How do sensory circuits extract and represent behaviorally relevant signals from the environment? We investigate this question in the mammalian retina, the thin neural tissue that lines the back of the eye. We use the retina as a model system because its cell types and circuits are well-defined and we can maintain the sensitivity of the retinal circuitry to its natural input (patterns of light) in ex-vivo preparations that allow good experimental access to the different elements of the circuit. We use a combination of patch-clamp electrophysiology and two-photon microscopy in transgenic mice to study how the properties of retinal cells and synapses give rise to the visual computations that underlie how we see. A current focus of the lab is to understand how Müller cells, the primary glial cell type of the retina, shape the function of retinal synapses.
- Kuo SP, Schwartz GW, Rieke F. Nonlinear spatiotemporal integration by electrical and chemical synapses in the retina. Neuron. 2016 Apr 20;90(2):320-32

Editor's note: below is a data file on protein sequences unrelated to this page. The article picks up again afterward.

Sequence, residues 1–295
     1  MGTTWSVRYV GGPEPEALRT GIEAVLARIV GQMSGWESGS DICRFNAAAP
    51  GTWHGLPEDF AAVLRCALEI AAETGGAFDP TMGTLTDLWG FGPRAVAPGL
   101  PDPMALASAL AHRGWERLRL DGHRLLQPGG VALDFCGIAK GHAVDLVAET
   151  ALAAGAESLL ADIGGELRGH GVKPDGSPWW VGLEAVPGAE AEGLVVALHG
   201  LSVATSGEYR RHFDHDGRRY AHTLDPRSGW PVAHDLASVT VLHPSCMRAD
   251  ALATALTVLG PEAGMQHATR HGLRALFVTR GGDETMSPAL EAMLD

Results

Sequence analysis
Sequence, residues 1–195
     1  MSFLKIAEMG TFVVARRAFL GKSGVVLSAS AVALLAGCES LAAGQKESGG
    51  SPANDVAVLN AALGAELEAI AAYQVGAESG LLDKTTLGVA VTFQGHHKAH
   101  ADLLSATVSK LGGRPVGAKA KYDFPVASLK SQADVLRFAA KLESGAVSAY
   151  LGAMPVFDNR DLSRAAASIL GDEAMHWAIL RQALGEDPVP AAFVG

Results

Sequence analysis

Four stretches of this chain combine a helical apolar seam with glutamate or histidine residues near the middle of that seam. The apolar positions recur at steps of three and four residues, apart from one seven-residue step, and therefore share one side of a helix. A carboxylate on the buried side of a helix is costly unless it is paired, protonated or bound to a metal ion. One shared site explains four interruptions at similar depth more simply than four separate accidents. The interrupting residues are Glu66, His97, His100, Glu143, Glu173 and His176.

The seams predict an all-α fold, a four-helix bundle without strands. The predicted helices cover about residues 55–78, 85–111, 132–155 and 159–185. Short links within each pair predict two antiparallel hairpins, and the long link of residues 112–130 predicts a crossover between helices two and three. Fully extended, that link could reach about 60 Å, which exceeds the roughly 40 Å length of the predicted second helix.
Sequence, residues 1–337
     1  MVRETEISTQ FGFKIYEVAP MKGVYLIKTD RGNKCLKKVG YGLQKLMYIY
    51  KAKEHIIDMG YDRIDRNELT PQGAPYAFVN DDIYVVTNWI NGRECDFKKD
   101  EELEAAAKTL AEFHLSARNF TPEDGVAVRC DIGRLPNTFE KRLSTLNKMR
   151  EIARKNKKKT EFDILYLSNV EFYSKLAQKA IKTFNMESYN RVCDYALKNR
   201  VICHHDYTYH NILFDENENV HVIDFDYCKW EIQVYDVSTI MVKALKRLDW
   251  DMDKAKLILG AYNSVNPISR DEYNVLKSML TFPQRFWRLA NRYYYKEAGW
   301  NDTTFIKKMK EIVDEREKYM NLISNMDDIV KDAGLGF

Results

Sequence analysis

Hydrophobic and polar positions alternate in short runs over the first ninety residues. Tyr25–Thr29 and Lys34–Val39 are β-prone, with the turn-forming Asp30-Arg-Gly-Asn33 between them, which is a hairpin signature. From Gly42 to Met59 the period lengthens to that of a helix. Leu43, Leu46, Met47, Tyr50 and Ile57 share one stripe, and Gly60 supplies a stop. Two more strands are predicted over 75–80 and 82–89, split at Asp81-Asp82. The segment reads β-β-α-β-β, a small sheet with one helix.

- Della Santina L*, Kuo SP*, Yoshimatsu T*, Okawa H, Suzuki SC, Hoon M, Tsuboyama K, Rieke F, Wong ROL. Glutamatergic monopolar interneurons provide a novel pathway of excitation in the mouse retina. Curr Biol. 2016 Aug 8;26(15):2070-2077. * co-first authors
- Kuo SP, Lu HW, Trussell LO. Intrinsic and synaptic properties of vertical cells of the mouse dorsal cochlear nucleus. J Neurophysiol. 2012 Aug;108(4):1186-98.
- Kuo, SP, Trussell LO. Spontaneous spiking and synaptic depression underlie noradrenergic control of feed-forward inhibition. Neuron. 2011 Jul 28;71(2):306-18.